Salter-Harris type III fractures are rare.
Salter-Harris type IV fractures are very rare.
Figure 4: A type V fracture will not be visible in an acute injury but is usually recognised later because of growth arrest and progressive deformity. This AP and lateral x-ray shows a bony bar extending across the growth plate of the distal radius, indicating the presence of a growth arrest.
In general, distal radial physeal fractures that are angulated >20 degrees (as seen on the lateral x-ray) need to be reduced. Angulation is less acceptable if there is less than two years of growth remaining. More angulation can be accepted in children less than eight years old and those presenting late.
For patients who have a delayed presentation of physeal fracture >5 days, it is not advisable to attempt closed reduction, as this increases the risk of growth plate injury. These patients should be discussed with the orthopaedic service.
Repeat x-rays should be taken after reduction and immobilisation.
Fractures with angulation up to 20 degrees post-reduction (as seen on lateral x-ray) should remodel if there is two years or more of growth remaining.
Indications for prompt orthopaedic consultation include:
Treatment can be determined according to the Salter-Harris classification (Table 2).
Table 2: ED management of distal radial physeal fractures.
Type of reduction
Immobilisation method & duration
Type I and II - undisplaced
No reduction required
Below-elbow plaster backslab or removable splint for 4 weeks
Type I and II - displaced
This fracture is suitable for a local anaesthetic manipulation and plaster (LAMP) or procedural sedation in the ED, provided that there are appropriate resources and accredited personnel at the health service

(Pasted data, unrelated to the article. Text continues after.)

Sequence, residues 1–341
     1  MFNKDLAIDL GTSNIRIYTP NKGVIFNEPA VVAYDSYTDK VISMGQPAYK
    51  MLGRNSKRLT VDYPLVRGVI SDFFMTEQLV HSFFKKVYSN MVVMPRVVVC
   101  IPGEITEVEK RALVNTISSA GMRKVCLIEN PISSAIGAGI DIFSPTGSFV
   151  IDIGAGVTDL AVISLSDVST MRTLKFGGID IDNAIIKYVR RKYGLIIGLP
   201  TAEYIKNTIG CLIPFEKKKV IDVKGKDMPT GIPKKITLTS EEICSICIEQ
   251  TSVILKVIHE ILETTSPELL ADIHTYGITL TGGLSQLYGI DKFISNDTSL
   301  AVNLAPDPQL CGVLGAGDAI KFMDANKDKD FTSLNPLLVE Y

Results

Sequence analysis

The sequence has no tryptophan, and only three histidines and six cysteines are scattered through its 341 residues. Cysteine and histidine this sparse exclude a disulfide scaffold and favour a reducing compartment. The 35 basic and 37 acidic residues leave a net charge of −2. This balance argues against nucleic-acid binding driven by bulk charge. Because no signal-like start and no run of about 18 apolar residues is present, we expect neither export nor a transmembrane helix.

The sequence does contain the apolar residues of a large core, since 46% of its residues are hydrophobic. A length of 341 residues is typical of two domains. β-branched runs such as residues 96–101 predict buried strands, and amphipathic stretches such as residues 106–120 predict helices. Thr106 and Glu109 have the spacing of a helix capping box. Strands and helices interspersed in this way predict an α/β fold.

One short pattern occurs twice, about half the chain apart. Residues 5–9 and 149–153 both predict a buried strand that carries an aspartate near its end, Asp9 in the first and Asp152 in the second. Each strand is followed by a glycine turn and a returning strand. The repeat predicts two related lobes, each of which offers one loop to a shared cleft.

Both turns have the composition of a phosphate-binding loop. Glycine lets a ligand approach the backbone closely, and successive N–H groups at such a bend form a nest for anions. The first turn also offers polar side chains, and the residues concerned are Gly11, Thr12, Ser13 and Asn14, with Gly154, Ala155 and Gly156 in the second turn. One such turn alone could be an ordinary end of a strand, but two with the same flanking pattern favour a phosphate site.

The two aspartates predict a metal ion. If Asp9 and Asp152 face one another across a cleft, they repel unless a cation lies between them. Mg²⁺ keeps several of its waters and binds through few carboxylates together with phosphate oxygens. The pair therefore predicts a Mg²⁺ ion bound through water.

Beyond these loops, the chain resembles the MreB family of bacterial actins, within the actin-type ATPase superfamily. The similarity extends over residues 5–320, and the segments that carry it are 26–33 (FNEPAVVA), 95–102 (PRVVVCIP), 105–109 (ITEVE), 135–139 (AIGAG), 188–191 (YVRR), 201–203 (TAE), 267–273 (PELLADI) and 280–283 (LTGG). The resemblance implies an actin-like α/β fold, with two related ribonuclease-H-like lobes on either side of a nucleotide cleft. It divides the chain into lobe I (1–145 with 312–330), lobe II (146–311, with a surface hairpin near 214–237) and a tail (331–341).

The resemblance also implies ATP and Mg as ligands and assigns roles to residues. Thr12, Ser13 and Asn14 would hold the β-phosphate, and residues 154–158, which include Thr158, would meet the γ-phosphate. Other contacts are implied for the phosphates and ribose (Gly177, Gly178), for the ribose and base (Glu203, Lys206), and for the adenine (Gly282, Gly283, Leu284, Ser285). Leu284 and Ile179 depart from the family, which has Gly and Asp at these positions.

Below-elbow plaster cast for 6 weeks. For young children, above-elbow casts may be applied
The quality of the reduction and achievement of a well moulded cast is more important than the length of the cast.
Fractures where the distal fragment is angulated dorsally should have a cast with three point moulding with slight wrist flexion
Fractures where the distal fragment is angulated volarly should have casting with three point moulding with slight wrist extension
Type III and IV - all
Splint and refer to the nearest orthopaedic on call service
Prompt open reduction and internal fixation (ORIF) is usually required
All physeal fractures should have follow-up care arranged in a fracture clinic within five days, with an x-ray at that visit.
For all Salter-Harris type I and II injuries, a fracture clinic review is required within five days with x-ray. Provide instructions for elevation and close monitoring of swelling.
The wrist has extensive remodelling potential. The risk of physeal arrest is rare in young children but the risk is higher if the child is near the end of growth. Salter-Harris type I and II injuries rarely lead to growth problems. The risk of growth arrest is higher in Salter-Harris type III, IV and V.
For patients who have a delayed presentation of physeal fracture >5 days, it is not advisable to attempt closed reduction as this increases the risk of growth plate injury. These patients should be discussed with the orthopaedic service.
Other early complications include:
See fracture clinics for other potential complications.